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As horseracing sees resurgence, UK researches jockey safety

Researchers from UK’s College of Health Sciences, College of Public Health and the Sports Medicine Research Institute are conducting research to promote safety in jockeys.

The Equestrian Athlete Initiative (EqA), based out of the University of Kentucky’s Sports Medicine Research Institute, wants to optimize health, wellness and performance for the equestrian athlete through research.

This spring, EqA collaborated with Keeneland Racing to conduct a research project promoting safety in jockeys. As elite athletes, experts say jockeys sustain exceptionally high levels of athletic performance during each race meet — sometimes riding in five or more races a day.

In addition, many jockeys work horses in the early mornings for trainers, prior to going to the races — and many of the jockeys who ride at Keeneland are piloting horses during Derby week. Their physical positioning is unique and requires a steady lower body, while they move their hands and arms to guide the horse.

The focus of the project is to better understand the protective factors and strategies (like strength training and deeper positioning) that jockeys have employed to offset their complicated work arrangements (like frequent travel, multiple mounts, weather conditions and perceived fatigue).

With Keeneland, the EqA is working to promote a culture of racing safety protecting both horse and rider. With this in mind, outriders — riders on the track that catch loose horses — have non-standard and long workdays during a race meet compared to non-meet conditions.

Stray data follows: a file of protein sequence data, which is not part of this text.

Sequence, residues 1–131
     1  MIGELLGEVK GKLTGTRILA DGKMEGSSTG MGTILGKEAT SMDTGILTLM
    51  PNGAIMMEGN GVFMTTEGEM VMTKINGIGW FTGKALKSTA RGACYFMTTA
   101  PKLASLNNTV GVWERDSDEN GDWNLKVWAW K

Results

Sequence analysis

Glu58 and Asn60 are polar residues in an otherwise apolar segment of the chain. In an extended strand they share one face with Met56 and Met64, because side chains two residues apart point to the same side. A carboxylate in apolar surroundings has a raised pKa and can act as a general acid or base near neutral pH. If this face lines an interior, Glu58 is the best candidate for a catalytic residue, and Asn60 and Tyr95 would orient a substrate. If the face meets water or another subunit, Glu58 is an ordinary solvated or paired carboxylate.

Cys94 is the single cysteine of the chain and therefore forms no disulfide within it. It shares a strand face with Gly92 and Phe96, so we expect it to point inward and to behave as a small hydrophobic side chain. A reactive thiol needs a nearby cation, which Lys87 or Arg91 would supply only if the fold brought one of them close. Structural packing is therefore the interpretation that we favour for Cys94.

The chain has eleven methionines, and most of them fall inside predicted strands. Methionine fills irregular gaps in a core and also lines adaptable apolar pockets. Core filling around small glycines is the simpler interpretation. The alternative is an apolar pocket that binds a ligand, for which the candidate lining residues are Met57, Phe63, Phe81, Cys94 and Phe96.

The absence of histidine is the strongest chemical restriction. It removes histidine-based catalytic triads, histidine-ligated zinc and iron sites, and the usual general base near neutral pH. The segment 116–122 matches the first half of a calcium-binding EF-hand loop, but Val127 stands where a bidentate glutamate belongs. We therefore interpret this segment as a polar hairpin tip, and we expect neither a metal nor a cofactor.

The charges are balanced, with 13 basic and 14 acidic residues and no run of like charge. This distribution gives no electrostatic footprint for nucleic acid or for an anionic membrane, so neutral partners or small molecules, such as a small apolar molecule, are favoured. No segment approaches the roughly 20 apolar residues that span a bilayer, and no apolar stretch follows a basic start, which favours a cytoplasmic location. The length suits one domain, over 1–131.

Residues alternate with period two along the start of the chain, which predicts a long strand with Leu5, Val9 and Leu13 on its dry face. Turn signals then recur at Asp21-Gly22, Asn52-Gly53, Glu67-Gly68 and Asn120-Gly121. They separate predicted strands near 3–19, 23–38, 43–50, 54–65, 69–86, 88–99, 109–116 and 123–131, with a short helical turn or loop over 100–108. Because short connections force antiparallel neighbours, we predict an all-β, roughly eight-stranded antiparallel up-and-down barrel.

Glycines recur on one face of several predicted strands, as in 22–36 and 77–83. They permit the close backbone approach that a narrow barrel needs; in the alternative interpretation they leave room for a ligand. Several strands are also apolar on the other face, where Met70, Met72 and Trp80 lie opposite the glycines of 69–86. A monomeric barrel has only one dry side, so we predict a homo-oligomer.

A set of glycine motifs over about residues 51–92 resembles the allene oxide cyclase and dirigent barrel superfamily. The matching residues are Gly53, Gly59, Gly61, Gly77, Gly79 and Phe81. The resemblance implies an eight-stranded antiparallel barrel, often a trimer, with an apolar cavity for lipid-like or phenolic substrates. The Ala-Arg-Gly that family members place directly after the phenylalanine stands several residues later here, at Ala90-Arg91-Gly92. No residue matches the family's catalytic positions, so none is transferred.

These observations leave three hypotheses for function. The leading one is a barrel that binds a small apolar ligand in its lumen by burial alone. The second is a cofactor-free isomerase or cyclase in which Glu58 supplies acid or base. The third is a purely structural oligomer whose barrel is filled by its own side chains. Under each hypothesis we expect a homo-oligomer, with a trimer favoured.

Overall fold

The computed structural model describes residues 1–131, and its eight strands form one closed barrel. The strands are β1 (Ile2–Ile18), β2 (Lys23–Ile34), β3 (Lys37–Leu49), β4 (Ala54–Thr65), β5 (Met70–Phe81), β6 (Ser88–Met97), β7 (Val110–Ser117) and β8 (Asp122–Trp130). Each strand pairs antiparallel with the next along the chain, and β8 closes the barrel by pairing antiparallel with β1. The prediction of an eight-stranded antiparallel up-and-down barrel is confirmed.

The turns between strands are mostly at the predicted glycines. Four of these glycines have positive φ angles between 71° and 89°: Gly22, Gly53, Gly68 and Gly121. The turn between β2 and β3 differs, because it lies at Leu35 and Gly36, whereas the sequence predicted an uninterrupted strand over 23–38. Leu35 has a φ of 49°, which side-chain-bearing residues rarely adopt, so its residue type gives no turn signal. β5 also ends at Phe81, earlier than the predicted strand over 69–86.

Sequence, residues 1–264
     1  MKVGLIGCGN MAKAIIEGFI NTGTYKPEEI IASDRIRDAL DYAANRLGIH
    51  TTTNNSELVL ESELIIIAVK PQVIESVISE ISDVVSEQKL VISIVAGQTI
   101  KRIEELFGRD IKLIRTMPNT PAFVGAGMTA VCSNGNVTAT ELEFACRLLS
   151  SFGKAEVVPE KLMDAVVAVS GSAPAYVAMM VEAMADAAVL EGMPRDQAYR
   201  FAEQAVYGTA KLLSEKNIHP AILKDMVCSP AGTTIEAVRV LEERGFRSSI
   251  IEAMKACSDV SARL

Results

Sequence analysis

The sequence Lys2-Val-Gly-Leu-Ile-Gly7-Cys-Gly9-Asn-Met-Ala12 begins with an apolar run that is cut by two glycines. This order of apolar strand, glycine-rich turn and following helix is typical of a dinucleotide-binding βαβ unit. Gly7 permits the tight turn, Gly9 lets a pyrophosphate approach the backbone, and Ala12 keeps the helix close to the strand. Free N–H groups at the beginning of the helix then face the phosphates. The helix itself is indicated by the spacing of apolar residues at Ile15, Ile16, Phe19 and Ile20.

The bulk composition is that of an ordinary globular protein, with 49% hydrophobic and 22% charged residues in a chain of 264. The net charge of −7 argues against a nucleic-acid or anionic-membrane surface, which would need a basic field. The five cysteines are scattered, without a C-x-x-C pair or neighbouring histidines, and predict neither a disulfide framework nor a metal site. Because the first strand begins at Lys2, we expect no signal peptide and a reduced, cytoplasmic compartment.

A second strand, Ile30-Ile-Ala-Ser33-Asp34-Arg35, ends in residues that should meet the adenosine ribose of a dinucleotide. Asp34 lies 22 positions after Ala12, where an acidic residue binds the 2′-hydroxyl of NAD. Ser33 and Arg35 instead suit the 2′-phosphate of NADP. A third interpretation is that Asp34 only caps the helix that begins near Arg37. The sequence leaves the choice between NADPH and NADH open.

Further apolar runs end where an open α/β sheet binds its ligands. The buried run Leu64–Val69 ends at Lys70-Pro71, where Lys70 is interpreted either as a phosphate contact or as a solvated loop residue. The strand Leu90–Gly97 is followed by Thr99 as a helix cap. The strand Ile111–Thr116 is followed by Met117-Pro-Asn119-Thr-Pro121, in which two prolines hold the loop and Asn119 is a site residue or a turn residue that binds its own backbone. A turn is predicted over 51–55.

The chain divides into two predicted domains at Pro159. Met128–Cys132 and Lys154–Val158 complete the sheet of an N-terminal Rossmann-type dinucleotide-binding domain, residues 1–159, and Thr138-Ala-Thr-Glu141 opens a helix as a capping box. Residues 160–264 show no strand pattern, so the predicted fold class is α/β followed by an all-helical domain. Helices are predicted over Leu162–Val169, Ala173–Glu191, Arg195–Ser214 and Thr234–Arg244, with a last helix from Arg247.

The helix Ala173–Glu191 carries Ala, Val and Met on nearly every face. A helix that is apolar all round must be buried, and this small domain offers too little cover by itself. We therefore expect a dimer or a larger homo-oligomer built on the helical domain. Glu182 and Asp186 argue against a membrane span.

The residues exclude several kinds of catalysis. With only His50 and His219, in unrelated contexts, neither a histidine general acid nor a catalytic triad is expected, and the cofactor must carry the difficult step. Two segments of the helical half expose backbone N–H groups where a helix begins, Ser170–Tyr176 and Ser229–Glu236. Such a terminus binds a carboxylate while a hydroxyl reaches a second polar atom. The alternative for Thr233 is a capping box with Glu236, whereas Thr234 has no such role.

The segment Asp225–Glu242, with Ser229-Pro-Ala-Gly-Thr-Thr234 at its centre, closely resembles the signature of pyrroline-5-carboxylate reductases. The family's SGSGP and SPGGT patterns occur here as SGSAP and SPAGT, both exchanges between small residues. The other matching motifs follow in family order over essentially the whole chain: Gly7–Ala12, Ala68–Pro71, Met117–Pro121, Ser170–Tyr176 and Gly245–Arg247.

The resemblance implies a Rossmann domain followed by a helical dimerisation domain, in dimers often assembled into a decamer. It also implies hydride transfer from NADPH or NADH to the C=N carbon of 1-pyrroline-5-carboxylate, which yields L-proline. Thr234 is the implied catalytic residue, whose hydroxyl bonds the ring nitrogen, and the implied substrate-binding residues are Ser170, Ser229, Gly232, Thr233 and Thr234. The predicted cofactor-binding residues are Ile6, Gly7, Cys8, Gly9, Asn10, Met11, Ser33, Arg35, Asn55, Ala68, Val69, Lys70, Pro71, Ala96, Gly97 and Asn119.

There are only four outriders in total as full-time Keeneland employees and during a meet they work seven days a week with varying shifts that can last 14 hours. All seven workdays, they spend a majority of their day in the saddle.

As a legislatively supported initiative, EqA is funded by the state, and this year the project also received a pilot grant from the Central Appalachia Regional Education Research Center (CARERC).

“We are delighted to support the research of investigators such as Ms. Michaela Keener, of UK’s College of Health Sciences, and Dr. Kimberly Tumlin, of UK’s College of Public Health,” said Dr. Wayne Sanderson, CARERC Director. “Our Pilot Research Program provides for studies of health and safety concerns in a wide variety of industries, but this study is our first to assess jockey and outrider concerns in this important Kentucky industry.”

For this study, Keener and Tumlin hypothesize:

1)    that functional stability will be enhanced in post-race work for jockeys with deeper and more compact racing positioning and fewer complicating work factors, and

2)    that functional stability will be decreased in outriders during race meets compared to non-race meet conditions.

Lifestyle factors including travel and other horse riding are collected in addition to recent concussion and horse-related falls.

“By combining sports medicine and public health principles to explain jockeys’ strategies in response to potential effects from lifestyle or concussion history, we can support a research-to-practice model in promoting both rider and horse safety,” Tumlin said.